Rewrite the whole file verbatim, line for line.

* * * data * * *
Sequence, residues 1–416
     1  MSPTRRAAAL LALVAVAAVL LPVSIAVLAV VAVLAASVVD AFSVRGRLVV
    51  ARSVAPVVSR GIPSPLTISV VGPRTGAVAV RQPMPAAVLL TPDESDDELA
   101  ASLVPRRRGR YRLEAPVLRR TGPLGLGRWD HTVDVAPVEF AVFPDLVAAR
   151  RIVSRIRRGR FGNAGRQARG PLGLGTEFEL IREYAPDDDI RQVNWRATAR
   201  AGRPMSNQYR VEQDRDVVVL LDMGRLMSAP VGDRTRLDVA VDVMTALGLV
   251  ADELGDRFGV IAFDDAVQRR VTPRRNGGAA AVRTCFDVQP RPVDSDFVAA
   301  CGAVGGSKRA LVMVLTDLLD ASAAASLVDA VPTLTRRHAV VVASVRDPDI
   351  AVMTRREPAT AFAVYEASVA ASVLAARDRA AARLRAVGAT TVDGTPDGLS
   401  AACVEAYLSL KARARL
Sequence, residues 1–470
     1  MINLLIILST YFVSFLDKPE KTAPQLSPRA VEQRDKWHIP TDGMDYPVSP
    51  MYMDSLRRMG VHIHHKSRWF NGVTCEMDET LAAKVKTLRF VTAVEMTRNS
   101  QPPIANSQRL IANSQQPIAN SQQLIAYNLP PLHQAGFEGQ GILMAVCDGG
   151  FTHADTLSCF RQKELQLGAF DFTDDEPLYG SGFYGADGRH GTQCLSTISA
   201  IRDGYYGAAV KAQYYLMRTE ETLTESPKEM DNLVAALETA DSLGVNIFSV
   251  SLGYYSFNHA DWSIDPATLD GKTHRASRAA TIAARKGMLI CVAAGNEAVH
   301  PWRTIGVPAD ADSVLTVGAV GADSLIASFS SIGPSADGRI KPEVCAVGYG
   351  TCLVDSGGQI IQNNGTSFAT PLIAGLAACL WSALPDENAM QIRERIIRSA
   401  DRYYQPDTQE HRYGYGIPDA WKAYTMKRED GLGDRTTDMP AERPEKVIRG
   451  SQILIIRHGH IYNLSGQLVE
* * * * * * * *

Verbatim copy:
Sequence, residues 1–416
     1  MSPTRRAAAL LALVAVAAVL LPVSIAVLAV VAVLAASVVD AFSVRGRLVV
    51  ARSVAPVVSR GIPSPLTISV VGPRTGAVAV RQPMPAAVLL TPDESDDELA
   101  ASLVPRRRGR YRLEAPVLRR TGPLGLGRWD HTVDVAPVEF AVFPDLVAAR
   151  RIVSRIRRGR FGNAGRQARG PLGLGTEFEL IREYAPDDDI RQVNWRATAR
   201  AGRPMSNQYR VEQDRDVVVL LDMGRLMSAP VGDRTRLDVA VDVMTALGLV
   251  ADELGDRFGV IAFDDAVQRR VTPRRNGGAA AVRTCFDVQP RPVDSDFVAA
   301  CGAVGGSKRA LVMVLTDLLD ASAAASLVDA VPTLTRRHAV VVASVRDPDI
   351  AVMTRREPAT AFAVYEASVA ASVLAARDRA AARLRAVGAT TVDGTPDGLS
   401  AACVEAYLSL KARARL
Sequence, residues 1–470
     1  MINLLIILST YFVSFLDKPE KTAPQLSPRA VEQRDKWHIP TDGMDYPVSP
    51  MYMDSLRRMG VHIHHKSRWF NGVTCEMDET LAAKVKTLRF VTAVEMTRNS
   101  QPPIANSQRL IANSQQPIAN SQQLIAYNLP PLHQAGFEGQ GILMAVCDGG
   151  FTHADTLSCF RQKELQLGAF DFTDDEPLYG SGFYGADGRH GTQCLSTISA
   201  IRDGYYGAAV KAQYYLMRTE ETLTESPKEM DNLVAALETA DSLGVNIFSV
   251  SLGYYSFNHA DWSIDPATLD GKTHRASRAA TIAARKGMLI CVAAGNEAVH
   301  PWRTIGVPAD ADSVLTVGAV GADSLIASFS SIGPSADGRI KPEVCAVGYG
   351  TCLVDSGGQI IQNNGTSFAT PLIAGLAACL WSALPDENAM QIRERIIRSA
   401  DRYYQPDTQE HRYGYGIPDA WKAYTMKRED GLGDRTTDMP AERPEKVIRG
   451  SQILIIRHGH IYNLSGQLVE